Sorority urges full funding for GCS

Guilford County educators have done a fine job of informing citizens about problems that can only be addressed by increased state and county appropriations. Guilford County commissioners should be reminded of these funding priorities:

1. The $6.1 million the commissioners have been advised to appropriate for capital maintenance and repairs is less than half of what is needed for our 127 schools, many of which are falling apart. Roofing, electrical, plumbing and HVAC problems are common. The school system has neither the personnel nor resources to adequately address these issues.

2. Employment readiness is essential. Fully fund the plan to establish five academies at area high schools to provide work-based learning and career development.

3. Guilford County has dropped to ninth in teacher supplements although we are the third-largest school system in the state. We must pay our teachers and school staff what they deserve.

The members of Alpha Kappa Alpha Sorority Inc., Beta Iota Omega Chapter, believe that addressing these priorities should be the primary budgetary concern for our county commissioners.

Channelle James

Greensboro

The writer is president, Beta Iota Omega Chapter, Alpha Kappa Alpha Sorority Inc.

N&R keeps unfairly blaming the NRA

Your June 4 editorial about mass shootings was thoughtful and, for once, you did not waste ink attacking the NRA. Treating mass shootings as a public health matter, rather than as a political matter, is an interesting idea. The AIDS “massacre” probably would have been mitigated had AIDS been treated as a public health problem rather than a political problem.

You took a positive step by not mentioning the killer’s name; I am convinced that many of these shootings are done for publicity, and the less you report these incidents the less power you give them in sick minds.

But then you turn around and run two ghastly anti-NRA cartoons on June 8. Cartoons such as these make responsible firearms owners such as me your opponent, not someone willing to work with you to stop these horrible events.

I challenge you: Write an editorial not of opinion but of facts, facts proving the NRA advocates, or that its members participate in, mass shootings. What is interesting is that you do not publish cartoons ridiculing alcoholic beverage brewers after fatal or nonfatal vehicle accidents.

Charles A. Jones

Greensboro

Census editorial offers only part of the story

Your June 9 editorial omits key facts about the census and citizenship question. The government has every right to know who is in the country and their citizenship status. The citizenship question has been part of the census since 1970 on the long form provided to every sixth household. The question has also been used in the periodic American Community Survey conducted annually since 2005 (3.5 million households per year) with no complaints about its presence on the form.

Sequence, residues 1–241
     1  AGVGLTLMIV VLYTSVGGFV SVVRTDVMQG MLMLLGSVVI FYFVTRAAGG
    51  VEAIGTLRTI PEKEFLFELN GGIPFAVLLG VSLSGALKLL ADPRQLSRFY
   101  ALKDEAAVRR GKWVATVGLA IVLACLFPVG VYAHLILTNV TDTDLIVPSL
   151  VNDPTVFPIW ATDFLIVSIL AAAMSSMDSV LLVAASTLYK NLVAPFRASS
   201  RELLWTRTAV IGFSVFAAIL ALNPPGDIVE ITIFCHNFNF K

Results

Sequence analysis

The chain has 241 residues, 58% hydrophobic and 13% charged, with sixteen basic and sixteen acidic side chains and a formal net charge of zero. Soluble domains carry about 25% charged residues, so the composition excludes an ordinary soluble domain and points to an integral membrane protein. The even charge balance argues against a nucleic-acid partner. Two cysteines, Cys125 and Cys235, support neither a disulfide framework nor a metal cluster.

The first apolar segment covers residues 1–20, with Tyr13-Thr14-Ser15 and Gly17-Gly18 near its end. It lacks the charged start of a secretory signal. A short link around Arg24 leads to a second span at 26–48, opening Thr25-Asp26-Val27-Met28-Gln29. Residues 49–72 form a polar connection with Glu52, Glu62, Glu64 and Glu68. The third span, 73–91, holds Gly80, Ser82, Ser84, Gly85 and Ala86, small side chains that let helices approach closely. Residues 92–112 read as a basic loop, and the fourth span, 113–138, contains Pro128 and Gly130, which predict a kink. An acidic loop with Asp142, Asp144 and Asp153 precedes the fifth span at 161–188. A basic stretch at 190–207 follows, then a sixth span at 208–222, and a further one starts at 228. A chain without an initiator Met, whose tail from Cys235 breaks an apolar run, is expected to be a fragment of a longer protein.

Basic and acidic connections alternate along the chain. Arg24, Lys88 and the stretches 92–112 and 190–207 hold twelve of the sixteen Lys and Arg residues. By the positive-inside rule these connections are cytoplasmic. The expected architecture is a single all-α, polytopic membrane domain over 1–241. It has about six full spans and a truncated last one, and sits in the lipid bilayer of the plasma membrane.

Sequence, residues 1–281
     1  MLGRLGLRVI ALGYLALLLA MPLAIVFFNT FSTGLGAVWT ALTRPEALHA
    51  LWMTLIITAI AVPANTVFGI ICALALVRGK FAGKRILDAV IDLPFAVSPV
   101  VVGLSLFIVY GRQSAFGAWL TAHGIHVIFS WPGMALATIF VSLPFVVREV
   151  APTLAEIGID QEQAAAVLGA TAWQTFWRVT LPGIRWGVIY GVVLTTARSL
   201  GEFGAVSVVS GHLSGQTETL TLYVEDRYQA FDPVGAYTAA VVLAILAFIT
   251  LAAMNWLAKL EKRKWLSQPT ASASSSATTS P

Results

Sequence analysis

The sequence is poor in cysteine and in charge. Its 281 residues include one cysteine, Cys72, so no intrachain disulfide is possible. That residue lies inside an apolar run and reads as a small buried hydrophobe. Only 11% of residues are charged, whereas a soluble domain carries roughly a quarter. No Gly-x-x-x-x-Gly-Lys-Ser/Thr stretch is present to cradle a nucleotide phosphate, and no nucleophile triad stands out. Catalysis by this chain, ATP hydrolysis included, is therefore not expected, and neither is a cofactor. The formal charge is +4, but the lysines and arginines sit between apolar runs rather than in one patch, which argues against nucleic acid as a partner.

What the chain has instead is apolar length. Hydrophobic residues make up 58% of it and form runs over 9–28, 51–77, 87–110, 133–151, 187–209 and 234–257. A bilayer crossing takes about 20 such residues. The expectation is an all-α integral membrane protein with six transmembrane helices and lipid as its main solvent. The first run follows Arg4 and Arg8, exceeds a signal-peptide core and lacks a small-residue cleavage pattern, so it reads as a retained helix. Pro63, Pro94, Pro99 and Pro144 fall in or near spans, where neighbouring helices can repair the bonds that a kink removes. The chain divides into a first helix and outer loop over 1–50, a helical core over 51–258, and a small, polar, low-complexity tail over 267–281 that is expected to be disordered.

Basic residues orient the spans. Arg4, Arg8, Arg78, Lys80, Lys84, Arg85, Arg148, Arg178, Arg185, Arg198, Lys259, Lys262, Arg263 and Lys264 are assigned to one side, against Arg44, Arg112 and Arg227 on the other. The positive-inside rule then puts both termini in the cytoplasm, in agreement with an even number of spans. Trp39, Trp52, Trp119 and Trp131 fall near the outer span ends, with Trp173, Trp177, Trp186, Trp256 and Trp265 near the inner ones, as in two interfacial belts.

There is no evidence (only speculation) in your editorial that use of the citizenship question has provided a partisan advantage to either party. The census is mandatory by law. Fear of consequences of participation is not a defensible reason to avoid answering the questions. The census has a well-developed, robust statistical program for minimizing any undercount. A complete head count is the most desirable result but there are many reasons for an incomplete count and they are addressed by the Census Bureau using statistical methods.

Instead of stirring up partisan divisions over the use of the citizenship questions, you should be using your editorial voice and influence to encourage participation in the census.

Arthur Drennan

Colfax

Pop Jarrell’s making an impact in prison

What makes a man spend a lifetime being an inmate sponsor? I know what drives my friend, Claude “Pop” Jarrell Jr., to do it: strong faith, a desire to give second chances and an opportunity to work with the men and women of the N.C. Department of Corrections. Almost as long as Pop has been a men’s licensed hair professional, he has been sponsoring men for early release from prison to give them a hand up.

Recently, Pop shared with me the outstanding service of many of the men providing opportunities to change lives at the Davidson County Correctional Facility. William Glick, superintendent; Dwayne Baker, assistant superintendent; Bernard Flaherty, program director. They are trusted with guarding the safety of citizens as well as guiding the future of the men who one day will re-enter society.

Over the years, Pop has watched and learned from these great leaders, always looking for ways to give inmates opportunities to change their future. Pop prays with these leaders that Christ will open their eyes to see the inmates as Christ sees them. Still, prison is a living hell on Earth; strong leadership is required with these men and their families. I am proud to call Pop my friend; much is to be learned from the wisdom of these men who deal with “the least of these” each day.

Terry Miller

Thomasville

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